Video production costs, budgets
Try to specify an all-in, no-extras package: delivery of video to an agreed specification by an agreed date. The agreed specification may include a programme script or at least outline, a schedule for filming and editing, and a statement of desired technical approach. Your supplier will probably want to be very clear about what is and is not included: requests for additional filming or other resources beyond what is agreed will result in discussions on additional costs.
Where the money goes
From the producer's perspective, a budget translates into resources allowable for a production: so many days' filming, so long for an edit, so much for graphics, actors, music.
Endless interview material can be recorded in a day, though unless your target audience is fully committed to your subject and engaged with you in your purposes, they are likely to find that the resulting video makes heavy going.
Most often, your video will work better if it includes more varied visuals. Being realistic, you can aim to film somewhere between 2 and 5 minutes of your finished programme per shooting day, depending on the type of material
The main cost elements in video production are time and equipment, transport and accommodation, and materials.
People's time is often the biggest cost, and this can be tricky to plan for, as the preparation, shooting and editing processes can vary a great deal from production to production.
Equipment costs are relatively defined, and are accounted for by camera, lights, sound, graphics and edit equipment as needed, hired by the hour or day.
Materials costs are sometimes minimal: video tape stock is not expensive, and cards and hard discs of course readily re-usable. If hired or specially built settings or lots of props, costumes or special effects are needed, this item will escalate rapidly.
When the direct costs of the production have been calculated, it is normal to add in an allowance for unforeseen contingencies, and then to add on a markup to cover production company overheads and profit margins.
Project planning and estimating
If you have a project in mind, do consider contacting Grapevine for ideas, approaches and cost estimates. Short, simple, one-location videos can start from a few hundred pounds, depending on just what’s needed.
Getting what you pay for
Often, the first question a producer is asked is how much a video will cost. To give a realistic answer, producers will usually be keen to get a sense of audience and objectives, desired editorial and technical quality, and the time and resources likely to be needed for the project.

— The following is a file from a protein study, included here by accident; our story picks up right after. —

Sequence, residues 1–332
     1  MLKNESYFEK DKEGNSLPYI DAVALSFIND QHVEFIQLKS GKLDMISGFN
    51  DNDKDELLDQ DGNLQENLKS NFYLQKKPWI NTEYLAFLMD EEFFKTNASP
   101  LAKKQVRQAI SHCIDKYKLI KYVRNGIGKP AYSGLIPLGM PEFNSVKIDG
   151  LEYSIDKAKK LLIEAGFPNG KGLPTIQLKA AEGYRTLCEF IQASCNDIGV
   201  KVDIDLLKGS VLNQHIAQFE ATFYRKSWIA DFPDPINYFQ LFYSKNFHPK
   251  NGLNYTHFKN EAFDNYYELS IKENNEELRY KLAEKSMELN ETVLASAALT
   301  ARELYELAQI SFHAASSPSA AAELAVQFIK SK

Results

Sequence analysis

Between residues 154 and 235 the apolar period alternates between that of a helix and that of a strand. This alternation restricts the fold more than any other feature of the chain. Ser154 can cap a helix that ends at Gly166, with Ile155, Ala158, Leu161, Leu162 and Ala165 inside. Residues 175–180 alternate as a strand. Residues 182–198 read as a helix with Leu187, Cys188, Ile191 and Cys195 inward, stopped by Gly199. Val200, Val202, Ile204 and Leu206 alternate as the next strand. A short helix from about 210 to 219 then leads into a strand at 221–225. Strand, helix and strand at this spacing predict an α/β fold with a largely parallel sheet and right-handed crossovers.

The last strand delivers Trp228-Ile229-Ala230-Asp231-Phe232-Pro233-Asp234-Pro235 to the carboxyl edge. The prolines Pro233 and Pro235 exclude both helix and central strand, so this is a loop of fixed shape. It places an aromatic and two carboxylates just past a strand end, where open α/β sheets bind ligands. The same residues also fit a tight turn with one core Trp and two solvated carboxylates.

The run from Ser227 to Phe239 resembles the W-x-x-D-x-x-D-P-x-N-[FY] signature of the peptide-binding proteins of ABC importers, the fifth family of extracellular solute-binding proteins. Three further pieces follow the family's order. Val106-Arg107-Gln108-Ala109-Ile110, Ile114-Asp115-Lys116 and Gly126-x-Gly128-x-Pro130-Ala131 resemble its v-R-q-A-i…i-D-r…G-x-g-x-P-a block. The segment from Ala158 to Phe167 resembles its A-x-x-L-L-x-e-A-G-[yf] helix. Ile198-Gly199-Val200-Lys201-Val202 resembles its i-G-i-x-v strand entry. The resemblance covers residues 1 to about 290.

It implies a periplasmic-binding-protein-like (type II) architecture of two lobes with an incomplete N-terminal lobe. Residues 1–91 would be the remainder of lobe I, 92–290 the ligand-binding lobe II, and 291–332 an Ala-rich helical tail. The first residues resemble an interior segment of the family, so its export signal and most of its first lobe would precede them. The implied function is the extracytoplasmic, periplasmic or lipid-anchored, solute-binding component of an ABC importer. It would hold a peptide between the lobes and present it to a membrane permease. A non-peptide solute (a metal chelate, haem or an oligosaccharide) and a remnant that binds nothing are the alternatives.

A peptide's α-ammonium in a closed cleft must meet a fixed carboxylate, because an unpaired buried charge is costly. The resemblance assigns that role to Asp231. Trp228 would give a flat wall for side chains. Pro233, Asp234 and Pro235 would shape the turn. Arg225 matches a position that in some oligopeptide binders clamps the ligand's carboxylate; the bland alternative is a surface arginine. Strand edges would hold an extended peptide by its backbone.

With many active suppliers available, offering everything from fully professional production through to wedding video and home movies, budget levels for corporate video production vary hugely - as do the editorial and technical standards of the work produced.
A fast and simple record of events is always going to be cheaper than a project involving multiple locations, coverage over an extended time period, staged sequences, presenters, actors, extensive graphics, or special effects. And full broadcast quality costs more than highly compressed formats, though these can provide excellent web or DVD video quality.
Typically, budgets for professional work range from the a few hundres of pounds through to a few tens of thousands. Most corporate productions now fall within the £1,000 to £30,000 range, though very simple projects can come in more cheaply, and for particularly prestigious or important campaigns large organisations sometimes spend well in excess of £100,000 on a video.
If the job's worth doing
Of course, nobody wants to waste resources. The danger in choosing the cheapest option, though, is that if you pay very little, you are quite likely to get very little. So you have to look for a balance, making sure that you get good value for money while still allocating enough resources for your producer to create an effective video.
For a voluntary-sector audience, a rough and ready, no money wasted look can be just what's needed. When it's important to give a more polished impression of your organisation, or when faced by an audience perhaps initially resistant to your message, higher editorial and technical standards may be needed
Priced by the minute?
Cost-per-minute yardsticks are sometimes helpful, though they can be misleading: programme length is only one cost factor. The type and complexity of the programme, the number of different places where filming must take place (and where they are), the people, equipment and materials needed both in front of and behind the camera, the quality required, and producer overhead costs all play a part in determining the cost.
On simple programmes filmed at one or few locations and mostly featuring either people talking or coverage of events or activities not organised by the producer, the cost-per-minute can be very low. When filming is needed on several sites, or significant props, settings, costumes, effects or graphics are needed, or staged drama or drama-doc is to be filmed, or national television presenters or celebrities are involved, then per-minute rates can head rapidly up.
Foreign language versions can extend the usefulness of programmes for home distribution, and greatly enhance the value of programmes for overseas use. Good foreign language services can organise translation and recording of voice to picture with linguists and broadcasters well used to the specific demands of video. This can significantly enhance programme usefulness for
For further or alternative views on production costs, you could try these pages from corporate video and multimedia producers:
Rossiter and Co
or trade associations and publicly funded bodies
Institute of Videography
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